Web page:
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What's the name of an object that possesses a desire?

As examples, all humans possess desires. More generally, sentient beings possess desires. However, we can up the abstraction. Organizations possess desires. States possess desires.

What is the name of an entity that possesses desires?

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    Sorry, maybe I chose the wrong word. By 'object,' I just mean 'thing.' I'm using object in the broadest sense possible. By my definition, a human being is an object. – extremeaxe5 Jun 12 '18 at 11:26
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    I think that neither the English language nor the Courts of the Judiciary agree with you, there. A corpse is an 'object'. A living human is a person. – Nigel J Jun 12 '18 at 11:36
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    extremeaxe, There's a reason those entities are called "bodies" -- they possess and/or exhibit features of living organisms -- desire being just one of them. – Kris Jun 12 '18 at 12:05
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    It is unclear what you are looking for. Are you trying to fill a slot in a sentence, and the syntax for that slot requires it to be a single word? Or are you philosophizing and wondering what the label should be in the abstract relation of 'X desires Y', analagous to, say, an employer employs an employee? – Mitch Jun 12 '18 at 13:20
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    @NigelJ can you provide some evidence of this claim? I was under the impression that ‘object’ is in fact a very specific word that refers to the class of everything in the universe of discourse. Humans are organisms, which are physical objects, which are objects. Sets are objects. Groups are monoids are sets are objects. Sets and humans are very different, one being physical, and he other being abstract, but they are both objects. If you reserve the word ‘object’ to refer to inanimate, physical objects, then what word do you use to refer to the class of all possible things? – extremeaxe5 Jun 13 '18 at 12:24
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Relations are made of three concepts, a subject, the relation, and an object.

For example, in an employment relation, there is an employer (the one offering the job) and the employee (the one doing the work).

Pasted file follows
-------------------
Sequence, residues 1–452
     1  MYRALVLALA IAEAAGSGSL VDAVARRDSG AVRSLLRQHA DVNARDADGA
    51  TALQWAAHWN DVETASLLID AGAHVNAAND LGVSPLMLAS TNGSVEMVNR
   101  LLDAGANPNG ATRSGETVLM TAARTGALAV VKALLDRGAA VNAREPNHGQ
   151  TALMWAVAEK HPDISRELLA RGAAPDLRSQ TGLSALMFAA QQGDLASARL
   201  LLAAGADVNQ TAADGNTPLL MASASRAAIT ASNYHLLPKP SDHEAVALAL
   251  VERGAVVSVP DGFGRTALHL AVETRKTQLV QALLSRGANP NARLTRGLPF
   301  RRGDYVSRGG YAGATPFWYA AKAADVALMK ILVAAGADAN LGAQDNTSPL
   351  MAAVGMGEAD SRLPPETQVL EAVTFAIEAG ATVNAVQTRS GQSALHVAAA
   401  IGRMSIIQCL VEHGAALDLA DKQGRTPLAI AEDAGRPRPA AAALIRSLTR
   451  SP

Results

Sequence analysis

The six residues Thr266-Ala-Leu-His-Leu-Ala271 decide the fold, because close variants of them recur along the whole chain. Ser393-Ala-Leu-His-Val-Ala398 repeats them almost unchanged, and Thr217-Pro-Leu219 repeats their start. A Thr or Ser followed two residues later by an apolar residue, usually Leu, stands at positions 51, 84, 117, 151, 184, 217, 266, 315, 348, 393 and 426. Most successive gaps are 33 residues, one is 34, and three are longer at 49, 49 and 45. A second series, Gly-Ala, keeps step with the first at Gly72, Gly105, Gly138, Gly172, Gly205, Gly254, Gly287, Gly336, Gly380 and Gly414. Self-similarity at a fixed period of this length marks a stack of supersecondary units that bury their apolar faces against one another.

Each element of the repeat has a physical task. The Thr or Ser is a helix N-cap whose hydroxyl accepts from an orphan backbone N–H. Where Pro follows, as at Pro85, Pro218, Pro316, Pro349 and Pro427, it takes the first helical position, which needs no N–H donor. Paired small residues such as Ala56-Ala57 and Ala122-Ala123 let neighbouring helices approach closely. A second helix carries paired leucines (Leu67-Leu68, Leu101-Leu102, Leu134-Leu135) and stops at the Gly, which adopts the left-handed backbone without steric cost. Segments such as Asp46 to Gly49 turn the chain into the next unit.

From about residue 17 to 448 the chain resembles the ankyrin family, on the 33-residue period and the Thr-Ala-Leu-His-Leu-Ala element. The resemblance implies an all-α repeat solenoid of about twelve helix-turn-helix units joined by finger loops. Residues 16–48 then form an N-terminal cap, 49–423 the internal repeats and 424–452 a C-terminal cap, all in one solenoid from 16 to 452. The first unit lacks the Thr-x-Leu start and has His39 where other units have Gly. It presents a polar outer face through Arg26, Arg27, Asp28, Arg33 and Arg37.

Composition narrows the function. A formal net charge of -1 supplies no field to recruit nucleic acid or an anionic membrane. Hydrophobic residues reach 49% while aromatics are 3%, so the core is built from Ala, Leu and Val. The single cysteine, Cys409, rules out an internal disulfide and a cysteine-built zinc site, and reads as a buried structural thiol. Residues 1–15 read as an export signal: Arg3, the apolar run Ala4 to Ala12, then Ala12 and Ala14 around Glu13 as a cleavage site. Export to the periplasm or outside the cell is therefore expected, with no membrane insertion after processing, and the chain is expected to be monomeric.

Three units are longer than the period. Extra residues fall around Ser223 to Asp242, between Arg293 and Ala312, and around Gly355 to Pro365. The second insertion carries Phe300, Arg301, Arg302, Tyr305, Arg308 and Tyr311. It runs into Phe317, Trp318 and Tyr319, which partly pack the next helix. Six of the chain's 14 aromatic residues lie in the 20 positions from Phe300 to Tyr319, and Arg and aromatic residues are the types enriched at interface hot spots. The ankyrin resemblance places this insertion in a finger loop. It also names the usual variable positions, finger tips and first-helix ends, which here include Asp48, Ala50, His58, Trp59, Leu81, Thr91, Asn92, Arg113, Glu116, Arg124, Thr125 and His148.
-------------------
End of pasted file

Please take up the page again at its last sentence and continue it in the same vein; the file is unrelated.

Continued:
If you want to label the three items in a relation 'X is related to Y' which is specific to the relation 'desires', then that is very easy. Based on the 'employs' example, the subject would be

the desirer

and object

the desired.

But that sounds infelicitous, very formal and technical; 'desirer' is formed according to legal word formation rules in English but it is not a common term (it's not a common concept). It would totally work in a philosophical exposition, but not going out for a smoke behind the fast food joint.

Which is all to say there is no natural sounding term for the subject of desire, unlike 'employer' which works so well for its relation.

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I don't think you're going to find a noun for this. But if you assume that desires always have objects, then an adjective could be goal oriented.

In other words, the goal of any such object is to meet a certain goal (to acquire the object of its "desire").

In such a sense, a baby is goal oriented toward getting food, and a business is goal oriented toward maximizing profit.

Although I don't normally supply Wikipedia references, here is something on programming languages. The emphasis is mine.

Very high-level programming languages are usually domain-specific languages, limited to a very specific application, purpose, or type of task, and they are often scripting languages (especially extension languages), controlling a specific environment. For this reason, very high-level programming languages are often referred to as goal-oriented programming languages.

The idea of goal modelling is also related. Here, as it applies to businesses.

In a reverse sense, then, anything that has a purpose (or function or goal) has a "desire" for those things that fulfill its purpose.

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